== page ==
The 17 most unusual buildings in the world
These unusual buildings have to be seen to be believed. We have searched around the world for unique houses, crazy architecture and special buildings and found what we were looking for. From whimsical to psychedelic to just plain weird, there’s something for everyone here.
Beagle Hotel, Idaho – a wacky dog-shaped house
Guests are very welcome to sleep inside this beagle. The unusual dog-shaped house is available to visitors in Cottonwood in the US state of Idaho from April to October and offers guests a fridge, microwave, free internet and a bathtub. The cost per night is actually very reasonable, with a one night stay for two people costing $132. The Beagle Hotel guarantees a memorable stay for both human and canine guests.
Dongdaeumun Design Plaza, Seoul – luminous techno sponge
Image copyright: Warren Whyte, published under the Creative Commons Attribution-Share Alike 4.0 International licence.
This unique building, which has been lighting up the South Korean capital Seoul since 2014, looks like a giant neon sponge. Designed by star architect Zaha Hadid, the structure has become a popular photo motif for visitors from all over the world thanks to its flowing forms and greenish lighting. However, the amorphous Dongdaemun Design Plaza not only offers exceptional architecture thanks to its aluminium outer skin but also houses a museum, art halls, shopping facilities and parks.
The Bund Finance Center, Shanghai – extraordinary architecture in motion
This curious building constantly changes its appearance. Inspired by traditional Chinese opera, three curtains made of overlapping steel tubes move around the building several times a day. The event centre for exhibitions and conferences also attracts attention with its bronze and gold colour scheme. Located on the famous Bund in the metropolis of Shanghai, the architects Thomas Heatherwick and Norman Foster have created a monument for themselves with this unique building.
Hemisphere, Valencia – unique among unusual buildings
Image copyright: Diliff, published under the Creative Commons Attribution-Share Alike 3.0 Unported licence.
The extraordinary architecture of the Hemisphere in Valencia represents a giant human eye, according to architect Santiago Calatrava. It’s a great comparison, because inside the structure is a 3D IMAX cinema. With its special design, the Hemisphere fits in perfectly among the surrounding unusual buildings. They are all also part of the City of Arts and Sciences, which is located in a drained riverbed.
Longaberger Basket Building, Ohio – a real basket-case of a building
Image copyright: Niagara 66, published under the Creative Commons Attribution-Share Alike 4.0 International licence.
The name says it all in the Longaberger Basket Building. This monument of weird architecture goes back to Dave Longaberger, founder of the company of the same name, which specialised in the production of shopping baskets, among other things. Originally, the building was to be the first in a series of curious structures at all of the company’s locations. However, the company shelved these plans after the death of its founder. After several years of vacancy, the world’s largest house in the shape of a basket celebrated its reopening as a luxury hotel in 2020.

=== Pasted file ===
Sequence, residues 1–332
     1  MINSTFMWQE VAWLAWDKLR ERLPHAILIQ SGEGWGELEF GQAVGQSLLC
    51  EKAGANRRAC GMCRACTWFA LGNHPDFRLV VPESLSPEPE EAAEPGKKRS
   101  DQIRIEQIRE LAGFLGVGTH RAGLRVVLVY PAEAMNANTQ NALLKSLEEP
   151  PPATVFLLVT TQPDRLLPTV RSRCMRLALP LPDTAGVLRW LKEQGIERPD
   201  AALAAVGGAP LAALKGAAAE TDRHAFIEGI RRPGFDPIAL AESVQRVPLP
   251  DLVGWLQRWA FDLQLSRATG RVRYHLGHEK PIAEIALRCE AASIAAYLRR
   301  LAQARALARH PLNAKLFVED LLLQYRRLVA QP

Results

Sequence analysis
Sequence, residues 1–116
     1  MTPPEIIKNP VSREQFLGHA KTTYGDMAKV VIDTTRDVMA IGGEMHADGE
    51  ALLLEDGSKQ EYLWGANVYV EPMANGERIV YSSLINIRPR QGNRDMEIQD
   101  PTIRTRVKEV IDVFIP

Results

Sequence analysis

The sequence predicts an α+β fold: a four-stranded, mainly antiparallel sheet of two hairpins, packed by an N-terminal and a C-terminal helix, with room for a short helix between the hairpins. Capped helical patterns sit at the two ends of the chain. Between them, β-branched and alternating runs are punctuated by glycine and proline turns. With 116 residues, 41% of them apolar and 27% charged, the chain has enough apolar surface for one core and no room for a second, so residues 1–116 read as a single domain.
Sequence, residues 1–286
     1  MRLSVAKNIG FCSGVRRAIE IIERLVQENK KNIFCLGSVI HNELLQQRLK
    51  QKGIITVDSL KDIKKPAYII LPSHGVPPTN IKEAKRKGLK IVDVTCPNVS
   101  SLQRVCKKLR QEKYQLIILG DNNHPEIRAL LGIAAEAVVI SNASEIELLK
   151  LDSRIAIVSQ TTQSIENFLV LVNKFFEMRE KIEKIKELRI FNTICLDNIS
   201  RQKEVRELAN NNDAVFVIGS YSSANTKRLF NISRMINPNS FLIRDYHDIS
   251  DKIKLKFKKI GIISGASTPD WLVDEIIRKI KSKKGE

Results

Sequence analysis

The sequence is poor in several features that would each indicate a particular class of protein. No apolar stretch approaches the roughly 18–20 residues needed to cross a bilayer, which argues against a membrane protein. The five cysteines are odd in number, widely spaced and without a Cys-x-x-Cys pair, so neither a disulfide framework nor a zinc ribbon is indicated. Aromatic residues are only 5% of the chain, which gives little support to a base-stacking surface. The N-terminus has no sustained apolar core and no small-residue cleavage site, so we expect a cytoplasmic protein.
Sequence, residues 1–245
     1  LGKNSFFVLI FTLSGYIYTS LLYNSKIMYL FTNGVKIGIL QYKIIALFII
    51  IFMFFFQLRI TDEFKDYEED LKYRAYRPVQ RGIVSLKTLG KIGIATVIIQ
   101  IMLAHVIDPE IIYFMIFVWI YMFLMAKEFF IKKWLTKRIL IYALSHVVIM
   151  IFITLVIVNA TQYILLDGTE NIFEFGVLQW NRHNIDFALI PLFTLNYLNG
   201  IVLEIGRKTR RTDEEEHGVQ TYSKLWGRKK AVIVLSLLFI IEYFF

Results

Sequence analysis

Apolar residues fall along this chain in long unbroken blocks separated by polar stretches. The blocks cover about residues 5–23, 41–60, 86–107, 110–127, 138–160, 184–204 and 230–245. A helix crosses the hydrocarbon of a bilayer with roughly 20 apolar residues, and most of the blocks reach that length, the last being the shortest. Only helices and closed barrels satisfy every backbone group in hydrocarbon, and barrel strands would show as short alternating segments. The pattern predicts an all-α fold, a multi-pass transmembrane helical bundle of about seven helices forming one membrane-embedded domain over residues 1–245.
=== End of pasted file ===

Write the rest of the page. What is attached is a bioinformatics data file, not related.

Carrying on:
Dancing House, Prague – a swinging prize winner
Due to its resemblance to a dancing couple, this building by architect Frank Gehry was nicknamed “Fred and Ginger”. Critics see the unusual architecture as a break with Prague’s traditional cityscape. The building’s fans, on the other hand, praise the dynamic structure of the multi-award-winning building, which houses offices.
The crooked house, Poland – a wibbly wobbly retail unit
Image copyright: Аимаина хикари, published under the Creative Commons CC0 1.0 Universal Public Domain Dedication licence.
The crooked house is part of a shopping centre in the Polish city of Sopot. Designed by Szotyńscy & Zaleski in 2004, this unusual building is one of the most photographed sights in the country. No wonder, as it gives viewers the impression of being drunk.
Stone House, Portugal – an unusually natural building
Image copyright: Pablo García Chao, published under the Creative Commons Attribution-Share Alike 3.0 Unported licence.
The Casa do Penedos, or “stone house” in Portugal was built in 1972-74 between several large stone blocks. The inspiration for the unusual house is said to have been the animated series The Flintstones. Since then, the building with its prehistoric charm has become a tourist attraction. Inside, the curious structure houses a small museum.
Lotus Temple, New Delhi – a photogenic temple
Image copyright: Arian Zwegers, published under the Creative Commons Attribution 2.0 Generic licence.
As the name suggests, the lotus blossom served as a model for the Lotus Temple in the Indian capital New Delhi. The temple’s unusual architecture features, among other things, 27 free-standing marble elements that were modelled on petals. The 40-metre-high building offers space for around 2,500 people and serves as a religious site for the Bahai.